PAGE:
Warren Buffett bought oil stocks near the peak of an energy boom, declined to spend $35 million on a growing television station and swapped a Berkshire Hathaway Inc. (BRK.A) stake for a shoe company he later said was worthless.
In each case, shareholders of Omaha, Nebraska-based Berkshire were charged or deprived of at least $1 billion. And in each case, Buffett apologized in writing.
“A friend once asked me: If you’re so rich, why aren’t you smart?” Buffett, Berkshire’s chairman, said in a letter accompanying the 1996 annual report. The billionaire, describing a bet on USAir, told readers at the time, “You may conclude he had a point.”
Buffett’s self-criticism is part of a leadership style that has helped him build a company with 270,000 workers and draw crowds of more than 20,000 to hear him speak. Buffett, 81, who’s scheduled to release his annual shareholder letter tomorrow, relies on his public persona as well as his record to set standards for Berkshire staff and retain investors in good years and bad.
“He doesn’t hesitate to point this stuff out, and it’s not just for the shareholders,” said James Armstrong, president of Berkshire investor Henry H. Armstrong Associates. “It’s also for the employees and managers of Berkshire. It’s sending the message: Admit your mistakes, don’t pretend they didn’t happen.”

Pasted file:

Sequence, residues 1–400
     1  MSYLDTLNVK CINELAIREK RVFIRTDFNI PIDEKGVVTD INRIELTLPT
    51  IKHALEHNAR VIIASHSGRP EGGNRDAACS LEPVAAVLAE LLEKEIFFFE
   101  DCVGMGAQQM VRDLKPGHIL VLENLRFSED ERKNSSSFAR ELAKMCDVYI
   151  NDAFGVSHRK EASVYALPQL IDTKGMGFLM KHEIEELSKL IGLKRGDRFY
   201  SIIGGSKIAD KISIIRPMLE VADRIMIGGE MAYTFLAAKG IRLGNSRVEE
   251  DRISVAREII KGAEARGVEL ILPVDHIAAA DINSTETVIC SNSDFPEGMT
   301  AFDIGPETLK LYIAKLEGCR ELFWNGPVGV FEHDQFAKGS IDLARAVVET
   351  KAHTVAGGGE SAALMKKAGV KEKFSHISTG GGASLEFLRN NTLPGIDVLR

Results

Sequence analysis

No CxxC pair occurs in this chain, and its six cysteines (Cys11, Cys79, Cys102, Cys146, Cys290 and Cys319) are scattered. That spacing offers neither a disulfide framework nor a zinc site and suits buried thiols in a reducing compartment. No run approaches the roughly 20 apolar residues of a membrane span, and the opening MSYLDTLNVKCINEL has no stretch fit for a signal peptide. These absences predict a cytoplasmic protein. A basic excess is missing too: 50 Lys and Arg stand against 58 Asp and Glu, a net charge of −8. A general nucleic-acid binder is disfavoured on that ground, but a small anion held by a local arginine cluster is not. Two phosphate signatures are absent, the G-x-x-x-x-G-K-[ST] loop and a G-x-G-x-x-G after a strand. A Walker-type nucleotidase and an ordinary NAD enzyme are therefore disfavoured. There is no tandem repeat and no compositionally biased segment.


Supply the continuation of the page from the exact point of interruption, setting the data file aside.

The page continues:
Buffett, a former hedge-fund manager, boosted Berkshire with stock picks like Coca-Cola Co. (KO) and takeovers including insurer Geico Corp. Berkshire shares soared about 38-fold in the last 24 years and Buffett’s fortune surged to third-biggest in the world. The company trades at about 1.2 times book value, indicating that investors believe the firm is worth more than its net assets.
The Class A shares slipped 4.7 percent last year amid a surge in insurance catastrophe costs and questions about Berkshire’s succession planning. Berkshire’s profit declined 16 percent to $7.2 billion in the nine months ended Sept. 30, and Buffett was criticized in the media for his handling of the resignation of former manager David Sokol.
Buffett claimed responsibility for losses when his bet on oil producer ConocoPhillips contributed to more than $3 billion of impairments in 2009. He blamed himself for decades of missed profits because he refused to pay $35 million for a Dallas-Fort Worth NBC station. The cost of his 1993 purchase of shoemaker Dexter rose to $3.5 billion, Buffett said in 2008, because he paid the $433 million price in Berkshire stock.
‘A Big Mistake’
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